Sunday, October 07, 2001
Catching up with Mark Smydra
XU basketballer plays on U.S. defense now
By John Erardi
The Cincinnati Enquirer
Mark Smydra spent his entire collegiate basketball career banging with Xavier's big men in practice, including such stalwarts as Brian Grant (Miami Heat), Aaron Williams (New Jersey Nets) and Larry Sykes (formerly of the Boston Celtics) from 1992-96.
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Few Xavier fans knew; fewer cared.
Smydra was a 6-foot-7, 230-pound mountain of a young man from Detroit. He'd overcome double-knee surgeries the same day as a freshman to go out for the team as a sophomore. I learned to limp on the left leg on Mondays, and the right one on Tuesdays, he said.
He played four years as a walk-on, including one while in graduate school. He didn't get much playing time, except for in practice. His incredible work ethic, and heart, kept XU's big men edgy and ornery. When the horn sounded for the real game to start, they were just glad they weren't having to bang up against Smydra.
Anybody who was there at Schmidt Fieldhouse that day will never forget that scrimmage when Grant Smydra's road roommate went up once against Smydra for a dunk only to have him block it, then went up a second time only to have Smydra block it. Finally, on the third try on the same possession, Grant rammed the ball through the cylinder with such force, the backboard shook like there was an earthquake on Victory Parkway.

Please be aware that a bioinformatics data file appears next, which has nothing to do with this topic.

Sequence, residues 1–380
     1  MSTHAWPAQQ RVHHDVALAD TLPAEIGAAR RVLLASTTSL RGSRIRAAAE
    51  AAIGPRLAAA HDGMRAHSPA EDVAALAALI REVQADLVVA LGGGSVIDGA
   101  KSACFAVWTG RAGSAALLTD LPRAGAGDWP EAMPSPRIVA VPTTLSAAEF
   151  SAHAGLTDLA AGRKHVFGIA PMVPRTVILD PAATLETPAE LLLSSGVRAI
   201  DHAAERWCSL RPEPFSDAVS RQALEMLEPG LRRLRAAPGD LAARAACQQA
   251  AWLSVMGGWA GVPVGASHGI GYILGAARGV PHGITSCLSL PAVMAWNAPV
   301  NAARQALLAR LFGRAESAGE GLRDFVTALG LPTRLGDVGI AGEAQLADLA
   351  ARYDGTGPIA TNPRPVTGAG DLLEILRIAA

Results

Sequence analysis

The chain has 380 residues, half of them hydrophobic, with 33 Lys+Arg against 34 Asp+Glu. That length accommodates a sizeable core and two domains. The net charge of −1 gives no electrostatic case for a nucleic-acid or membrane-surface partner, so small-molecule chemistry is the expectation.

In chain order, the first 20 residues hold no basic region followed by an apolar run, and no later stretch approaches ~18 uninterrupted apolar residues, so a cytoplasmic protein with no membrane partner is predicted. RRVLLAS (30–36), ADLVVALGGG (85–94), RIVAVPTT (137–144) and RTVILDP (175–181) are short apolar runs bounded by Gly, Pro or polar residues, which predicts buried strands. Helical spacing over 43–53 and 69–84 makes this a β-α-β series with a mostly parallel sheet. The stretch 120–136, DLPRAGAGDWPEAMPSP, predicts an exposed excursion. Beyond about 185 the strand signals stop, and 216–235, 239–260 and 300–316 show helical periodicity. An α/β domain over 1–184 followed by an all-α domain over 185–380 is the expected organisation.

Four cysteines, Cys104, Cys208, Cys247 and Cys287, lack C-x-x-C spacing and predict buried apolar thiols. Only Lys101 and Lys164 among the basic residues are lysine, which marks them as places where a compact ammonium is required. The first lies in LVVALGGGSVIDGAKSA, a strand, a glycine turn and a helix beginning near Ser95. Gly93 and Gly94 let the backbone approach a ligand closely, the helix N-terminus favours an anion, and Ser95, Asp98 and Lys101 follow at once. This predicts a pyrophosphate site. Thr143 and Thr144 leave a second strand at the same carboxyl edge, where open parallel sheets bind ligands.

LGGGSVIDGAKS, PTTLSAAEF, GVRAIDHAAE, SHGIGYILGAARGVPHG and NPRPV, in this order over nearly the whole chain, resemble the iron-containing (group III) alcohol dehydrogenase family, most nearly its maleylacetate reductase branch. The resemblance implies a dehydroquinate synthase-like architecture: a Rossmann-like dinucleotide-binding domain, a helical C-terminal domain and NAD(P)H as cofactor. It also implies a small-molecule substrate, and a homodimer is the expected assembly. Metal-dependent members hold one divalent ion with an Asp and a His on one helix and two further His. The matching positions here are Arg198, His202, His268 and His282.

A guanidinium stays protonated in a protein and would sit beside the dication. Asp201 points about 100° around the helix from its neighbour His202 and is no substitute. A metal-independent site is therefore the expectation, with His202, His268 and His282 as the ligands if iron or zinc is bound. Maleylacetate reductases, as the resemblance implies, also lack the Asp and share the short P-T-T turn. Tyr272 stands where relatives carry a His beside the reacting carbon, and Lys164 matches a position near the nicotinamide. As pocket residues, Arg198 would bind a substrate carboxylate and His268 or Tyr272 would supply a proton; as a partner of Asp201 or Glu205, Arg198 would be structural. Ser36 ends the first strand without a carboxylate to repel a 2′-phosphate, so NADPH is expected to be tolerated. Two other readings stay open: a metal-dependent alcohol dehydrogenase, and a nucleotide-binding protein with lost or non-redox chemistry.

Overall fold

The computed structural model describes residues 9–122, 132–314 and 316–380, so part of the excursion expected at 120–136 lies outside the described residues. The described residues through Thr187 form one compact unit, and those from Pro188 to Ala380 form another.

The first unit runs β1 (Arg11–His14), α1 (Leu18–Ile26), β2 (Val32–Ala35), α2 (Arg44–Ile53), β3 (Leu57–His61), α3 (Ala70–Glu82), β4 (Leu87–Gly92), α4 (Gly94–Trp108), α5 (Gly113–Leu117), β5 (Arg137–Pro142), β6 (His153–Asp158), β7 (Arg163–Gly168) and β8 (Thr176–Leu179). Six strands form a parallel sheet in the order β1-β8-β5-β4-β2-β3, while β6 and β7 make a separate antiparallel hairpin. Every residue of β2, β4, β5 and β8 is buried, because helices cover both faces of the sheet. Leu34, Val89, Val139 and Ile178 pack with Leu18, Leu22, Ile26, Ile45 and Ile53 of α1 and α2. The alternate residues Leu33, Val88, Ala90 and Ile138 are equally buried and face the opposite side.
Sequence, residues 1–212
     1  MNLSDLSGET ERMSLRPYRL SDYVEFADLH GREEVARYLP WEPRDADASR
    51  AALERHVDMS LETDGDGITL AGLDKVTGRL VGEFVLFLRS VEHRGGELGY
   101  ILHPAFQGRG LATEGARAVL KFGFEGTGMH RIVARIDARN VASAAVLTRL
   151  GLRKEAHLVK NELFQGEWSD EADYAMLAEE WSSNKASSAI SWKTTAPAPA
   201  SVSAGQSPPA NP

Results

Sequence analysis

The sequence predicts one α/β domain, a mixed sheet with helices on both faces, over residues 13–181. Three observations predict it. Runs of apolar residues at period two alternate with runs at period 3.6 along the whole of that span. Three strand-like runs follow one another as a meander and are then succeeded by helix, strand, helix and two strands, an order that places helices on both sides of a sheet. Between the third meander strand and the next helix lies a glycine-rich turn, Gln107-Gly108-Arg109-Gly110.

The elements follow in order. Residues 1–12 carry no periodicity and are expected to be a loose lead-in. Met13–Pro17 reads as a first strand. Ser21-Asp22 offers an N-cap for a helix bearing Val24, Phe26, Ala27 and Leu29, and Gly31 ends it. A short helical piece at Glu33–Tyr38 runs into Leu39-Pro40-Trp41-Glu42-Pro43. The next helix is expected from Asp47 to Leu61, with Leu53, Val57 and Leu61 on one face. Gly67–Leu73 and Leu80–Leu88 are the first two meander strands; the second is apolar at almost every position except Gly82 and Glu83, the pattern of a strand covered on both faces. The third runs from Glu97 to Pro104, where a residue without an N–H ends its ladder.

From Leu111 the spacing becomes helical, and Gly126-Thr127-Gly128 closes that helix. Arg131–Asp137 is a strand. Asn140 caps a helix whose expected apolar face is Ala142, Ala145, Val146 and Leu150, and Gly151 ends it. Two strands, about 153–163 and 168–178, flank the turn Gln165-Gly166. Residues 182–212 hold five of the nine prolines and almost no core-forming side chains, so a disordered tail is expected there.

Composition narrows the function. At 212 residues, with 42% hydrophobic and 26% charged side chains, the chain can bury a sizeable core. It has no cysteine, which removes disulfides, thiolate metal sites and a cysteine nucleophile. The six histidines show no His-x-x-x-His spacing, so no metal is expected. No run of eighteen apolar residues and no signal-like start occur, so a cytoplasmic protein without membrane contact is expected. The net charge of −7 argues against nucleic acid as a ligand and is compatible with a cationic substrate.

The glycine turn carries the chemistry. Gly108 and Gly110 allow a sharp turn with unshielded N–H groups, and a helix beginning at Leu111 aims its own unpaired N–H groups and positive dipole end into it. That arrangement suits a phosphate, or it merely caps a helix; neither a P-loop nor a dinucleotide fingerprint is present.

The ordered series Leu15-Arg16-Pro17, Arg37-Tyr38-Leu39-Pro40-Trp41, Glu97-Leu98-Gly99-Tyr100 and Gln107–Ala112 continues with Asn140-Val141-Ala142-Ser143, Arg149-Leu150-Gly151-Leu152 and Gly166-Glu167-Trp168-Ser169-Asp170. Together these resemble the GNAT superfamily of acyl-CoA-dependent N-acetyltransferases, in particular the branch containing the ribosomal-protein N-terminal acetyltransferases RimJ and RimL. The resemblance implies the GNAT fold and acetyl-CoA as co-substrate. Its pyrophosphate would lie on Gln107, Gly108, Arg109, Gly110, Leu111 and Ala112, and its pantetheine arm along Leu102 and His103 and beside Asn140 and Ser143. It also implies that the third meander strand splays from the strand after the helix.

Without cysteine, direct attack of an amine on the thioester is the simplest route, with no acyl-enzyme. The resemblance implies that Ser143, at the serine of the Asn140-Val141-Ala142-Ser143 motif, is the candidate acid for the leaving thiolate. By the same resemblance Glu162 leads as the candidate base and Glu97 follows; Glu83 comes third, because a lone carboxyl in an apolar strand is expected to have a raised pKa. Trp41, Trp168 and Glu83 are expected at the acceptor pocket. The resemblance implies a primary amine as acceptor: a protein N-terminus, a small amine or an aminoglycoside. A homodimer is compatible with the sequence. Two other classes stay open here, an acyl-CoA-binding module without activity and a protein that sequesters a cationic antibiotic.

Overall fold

That was one too many jumps for me to make, Smydra remembers.
Then-XU assistant coach Louis Orr seeing Smydra's frustration at being a gang-of-one on superstar Grant while the other reserves just stood and watched when they should have joined in pulled him from the scrimmage. Smydra gave one of the blue-padded backboard supports such a forearm shiver, it almost ripped the support from its moorings. That brought a rebuke from head coach Pete Gillen, who banished him to the showers.
After practice, when Grant entered the locker room and saw Smydra sitting at his locker and still fuming, the superstar said to the workhorse: Give me that same thing tomorrow.
And, of course, Smydra did.
It's what he always did.